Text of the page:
This is hardly a revolutionary concept – war movies set in the midst of the conflict. A slew of well-known Vietnam war movies were released in the 1970s, and more recent films like “Platoon” and 2007’s “Rescue Dawn” revisited that era. What’s significant about “The Hurt Locker” is its contemporary relevance. The war in Iraq is a very vivid memory for everyone in the United States, and making a film about it is just as meaningful and important as all of the 1970s Vietnam movies. The most crucial aspect is that “The Hurt Locker” is the first, and – good news – it’s great.
“The Hurt Locker” most resembles Sam Mendes’ 2005 film “Jarhead” in the way that its featured soldiers are rarely involved in traditional frontline combat with the enemy. Instead, they’re holding their ground, making sure that people stay safe. It’s hardly a tranquil environment, as dangerous, deadly bombs are found on a frequent basis and the team is sent in to clear the street and disarm the device. The certainty that the tour of duty won’t go quickly (the soldiers have 39 days left at the start of the movie) makes the experience all the more inescapable. They’re not going anywhere, and they’re determined to defend their territory, but that won’t stop insurgents from trying to kill them each and every day.
Most of the scenes in “The Hurt Locker” go on for an extended period of time, trapping the audience in the moment and driving home just how uncertain and unbearable waiting to outlast an enemy combatant can be. It’s an immensely real film, which doesn’t spare audiences the gritty moments, and its focus on a small unit of soldiers helps to create more emotional connections to the characters and for the viewer to become part of the terrifying experience. The film editing and cinematography are deliberate and sharp, highlighting the intensity of situations and stressing the emotions on the soldiers’ faces. It’s an extraordinarily well put-together film, and each of its 131 minutes takes the viewer deeper and deeper into the minds of these young soldiers thrust into an unknown enemy land.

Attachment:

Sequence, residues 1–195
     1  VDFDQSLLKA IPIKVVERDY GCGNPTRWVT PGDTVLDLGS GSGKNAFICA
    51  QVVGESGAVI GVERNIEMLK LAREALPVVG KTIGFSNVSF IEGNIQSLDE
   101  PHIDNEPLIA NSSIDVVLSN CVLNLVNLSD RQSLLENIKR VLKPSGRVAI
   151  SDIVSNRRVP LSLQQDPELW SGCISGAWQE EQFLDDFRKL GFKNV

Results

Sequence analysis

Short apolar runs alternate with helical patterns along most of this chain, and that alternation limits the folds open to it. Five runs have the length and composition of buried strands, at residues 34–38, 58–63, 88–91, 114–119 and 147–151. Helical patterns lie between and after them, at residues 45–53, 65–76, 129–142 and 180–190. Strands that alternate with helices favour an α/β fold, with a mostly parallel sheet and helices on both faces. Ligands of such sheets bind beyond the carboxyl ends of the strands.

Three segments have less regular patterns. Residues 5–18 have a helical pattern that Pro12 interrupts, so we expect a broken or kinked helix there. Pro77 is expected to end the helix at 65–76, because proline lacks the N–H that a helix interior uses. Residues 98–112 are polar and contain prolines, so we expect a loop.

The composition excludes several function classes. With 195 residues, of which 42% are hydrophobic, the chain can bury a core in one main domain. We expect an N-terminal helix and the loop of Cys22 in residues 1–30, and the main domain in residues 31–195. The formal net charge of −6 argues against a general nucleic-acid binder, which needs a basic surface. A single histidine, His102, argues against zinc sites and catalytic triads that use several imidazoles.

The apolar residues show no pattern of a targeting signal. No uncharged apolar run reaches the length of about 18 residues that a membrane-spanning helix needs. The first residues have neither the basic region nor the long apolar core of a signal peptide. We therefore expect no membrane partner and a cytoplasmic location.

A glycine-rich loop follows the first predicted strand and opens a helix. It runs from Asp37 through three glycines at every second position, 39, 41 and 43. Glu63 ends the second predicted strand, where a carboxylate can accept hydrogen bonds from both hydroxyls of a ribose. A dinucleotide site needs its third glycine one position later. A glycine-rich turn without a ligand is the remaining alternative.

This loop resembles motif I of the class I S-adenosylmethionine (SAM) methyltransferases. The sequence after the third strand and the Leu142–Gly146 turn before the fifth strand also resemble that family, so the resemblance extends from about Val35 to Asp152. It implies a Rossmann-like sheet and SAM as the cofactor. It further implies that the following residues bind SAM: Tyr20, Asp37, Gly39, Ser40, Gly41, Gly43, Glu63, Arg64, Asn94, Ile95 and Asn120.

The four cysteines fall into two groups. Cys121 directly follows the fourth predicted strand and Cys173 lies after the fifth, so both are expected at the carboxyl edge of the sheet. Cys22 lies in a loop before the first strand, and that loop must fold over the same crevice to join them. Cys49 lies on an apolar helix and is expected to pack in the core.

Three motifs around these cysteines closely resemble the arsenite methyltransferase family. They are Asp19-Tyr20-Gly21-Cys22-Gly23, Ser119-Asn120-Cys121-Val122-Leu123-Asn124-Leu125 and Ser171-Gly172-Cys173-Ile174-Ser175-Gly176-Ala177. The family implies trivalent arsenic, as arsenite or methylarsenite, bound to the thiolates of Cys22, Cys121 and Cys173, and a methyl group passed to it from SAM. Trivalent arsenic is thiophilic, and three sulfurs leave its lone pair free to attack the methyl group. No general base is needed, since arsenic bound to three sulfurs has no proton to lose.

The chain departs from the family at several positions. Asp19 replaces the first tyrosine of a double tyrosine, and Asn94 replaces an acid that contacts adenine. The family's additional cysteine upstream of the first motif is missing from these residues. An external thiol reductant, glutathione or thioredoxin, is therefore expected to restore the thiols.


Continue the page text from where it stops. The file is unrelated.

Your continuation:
The performances in this film are all top-notch. Lead actors Jeremy Renner, Anthony Mackie, and Brian Geraghty may not be overly familiar to audiences, but in this case that’s a tremendously good thing. The experience is heightened by the fact that famous actors aren’t popping up at every turn, and the deserted Iraq streets seem all the more horrific and unknown with less recognizable stars at every turn. Fortunately, more familiar faces like Ralph Fiennes, Guy Pearce, David Morse, and Christian Camargo (“Dexter’) fit in just fine, and their minor appearances are nothing short of terrific. Director Kathryn Bigelow, whose most recent major film release is the underrated 2002 thriller “K-19: The Widowmaker,” deserves enormous credit for guiding a fantastic cast and creating one hell of a war movie. It may not features big explosions and loud gunfire like battlefront films, but this is the most powerful film you’re like to see for a while.
Saturday, August 15, 2009
Directed by Zack Snyder
Released March 6, 2009
The combination of an alternate reality and superheroes sounds like a fascinating idea, but there are many ways it can go wrong. The new universe can be too far-fetched, the superheroes can be unoriginal, and the villains and conflict can be entirely unexciting. When the film is a highly anticipated adaptation of a popular graphic novel, there’s even more at risk. Incredibly, “Watchmen” manages to excel in all areas and present a fantastically compelling story with vivid imagery and sterling characters.
“Watchmen” isn’t a typical superhero story, and its gritty setup is far more reminiscent of “V for Vendetta” than the brightly-colored adventures of a friendly neighborhood spider in “Spider-Man.” The characters aren’t wholly heroic, and many even resort to physical and sexual violence without giving much thought to how it will impact the public’s perception of them. And that’s the key to “Watchmen” – society doesn’t fully embrace the Watchmen, but they’re nonetheless determined to better the world, even if that doesn’t initially appear to be the case.